The Norman keep together with its associated features survives well, despite being partly restored in the 20th century. Partial excavation has confirmed that the site contains archaeological remains, including evidence for both pre- and post-Conquest activity.


Legacy Record - This information may be included in the List Entry Details.


The monument includes the buried and earthwork remains and the unoccupied upstanding sections of an 11th to 12th century tower keep castle constructed on an earthen mound surrounded by a ditch and outer bank. The castle buildings have undergone alterations in more recent times and some are occupied. These are Listed Grade I and are not included in the scheduling. The site stands on level ground above and to the south west of the village of Chilham. The remains include a mound on which stands an octagonal keep with a forebuilding, a small building designed to protect the castle entrance, surrounded by a roughly rectangular curtain wall which survives to a height of c.3m. It is possible that this mound was originally a motte which pre-dates the Norman castle. Excavations in 1926 confirmed earlier observations of a southern bay to the forebuilding which pre-dated the castle and was unfortified. This has been dated to the 11th century. Beyond the curtain wall are the remains of a ditch and outer bank which have been disturbed and partly obscured by modern development. The ditch is approximately 10m wide and varies in depth around the castle from c.0.5m on the north to 2m on the south below the level of the surrounding gardens and road. Further evidence relating to external earthworks may survive in the grounds surrounding the castle and the mansion house. Identification of these earthworks is complicated by landscaping of the mansion garden. To the west and north, however, some indications of an external bank are visible. From 1066 Chilham was the seat of the barony of Fulbert of Dover. The surviving structures date from 1171-1174, when Henry II spent over 400 pounds on building an octagonal keep of three floors built of coursed ragstone rubble, with mid-wall buttresses and a rectangular stair turret on the north east side. There is evidence that there was a garderobe to the south east. The curtain wall was built at the same time. The castle again came into royal control during the reign of Richard I, when various repairs are recorded as being made to the structure. In 1214, seisin was granted to John of Dover's illegitimate son, Richard, and the castle finally passed out of royal control. A mansion was built to the east of the castle by Sir Dudley Digges - the master of the Rolls for James I - in red brick on a polygonal plan in 1616. It is recorded by antiquaries such as Hasted that Sir Dudley also pulled down the ancient mansion which had stood on the site, before building his new manor house. The castle was restored early in the 20th century, and now provides domestic accommodation. The castle keep and curtain wall are Listed at Grade I, as is the donkey wheel and its building. The forebuilding is also Listed Grade I. The forebuilding, curtain wall and the earthen mound on which the castle stands are all included in the scheduling. Excluded are the castle keep, since it is an inhabited and roofed building, all modern fittings, wooden and wire fences, the small wooden shed to the south west of the castle mound, the timber shed and donkey wheel within it, and the statue and modern features associated with the pond in the garden to the west of the mansion house; the ground beneath all these features is, however, included.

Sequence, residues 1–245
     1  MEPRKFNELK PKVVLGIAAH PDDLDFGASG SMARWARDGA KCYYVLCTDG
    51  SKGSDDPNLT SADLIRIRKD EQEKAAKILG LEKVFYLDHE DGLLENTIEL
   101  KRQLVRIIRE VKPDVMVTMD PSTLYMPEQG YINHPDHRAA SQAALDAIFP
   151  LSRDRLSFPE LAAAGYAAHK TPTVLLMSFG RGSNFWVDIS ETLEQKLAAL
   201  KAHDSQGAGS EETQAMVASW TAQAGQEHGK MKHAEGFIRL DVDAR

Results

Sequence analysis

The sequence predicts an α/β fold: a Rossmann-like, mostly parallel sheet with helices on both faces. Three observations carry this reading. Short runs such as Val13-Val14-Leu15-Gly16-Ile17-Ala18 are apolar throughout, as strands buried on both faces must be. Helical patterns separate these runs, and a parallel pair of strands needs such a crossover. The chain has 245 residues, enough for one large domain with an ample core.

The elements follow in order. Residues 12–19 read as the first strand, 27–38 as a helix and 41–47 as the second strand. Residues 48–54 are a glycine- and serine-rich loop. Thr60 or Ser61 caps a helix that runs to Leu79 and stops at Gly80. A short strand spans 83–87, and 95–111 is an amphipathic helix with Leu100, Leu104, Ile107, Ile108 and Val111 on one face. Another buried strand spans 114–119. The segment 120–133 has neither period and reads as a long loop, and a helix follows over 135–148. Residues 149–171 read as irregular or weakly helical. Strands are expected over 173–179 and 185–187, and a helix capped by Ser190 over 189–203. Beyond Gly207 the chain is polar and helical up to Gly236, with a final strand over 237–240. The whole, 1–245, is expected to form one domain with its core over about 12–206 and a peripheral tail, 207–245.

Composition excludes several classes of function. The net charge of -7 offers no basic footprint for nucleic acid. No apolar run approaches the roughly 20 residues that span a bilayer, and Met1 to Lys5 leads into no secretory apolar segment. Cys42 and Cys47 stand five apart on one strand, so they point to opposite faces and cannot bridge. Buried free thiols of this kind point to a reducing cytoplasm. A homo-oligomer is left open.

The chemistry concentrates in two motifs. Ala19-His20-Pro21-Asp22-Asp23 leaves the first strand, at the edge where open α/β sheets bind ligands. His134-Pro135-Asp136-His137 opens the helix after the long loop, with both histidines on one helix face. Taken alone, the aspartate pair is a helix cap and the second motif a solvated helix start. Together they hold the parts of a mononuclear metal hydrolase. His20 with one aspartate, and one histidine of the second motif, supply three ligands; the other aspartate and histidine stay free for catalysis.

MAP EXTRACT The site of the monument is shown on the attached map extract.


The contents of this record have been generated from a legacy data system.

Legacy System number: 24360

Legacy System: RSM


Books and journals
Pevsner, N, Newman, J, The Buildings of England: Kent: North East and East, (1983), 273-274
Renn, D F, Norman Castles in Britain, (1968), 142
Colvin, H M, 'The History of the King's Work' in Chilham Castle, , Vol. II, (1963), 613

End of official listing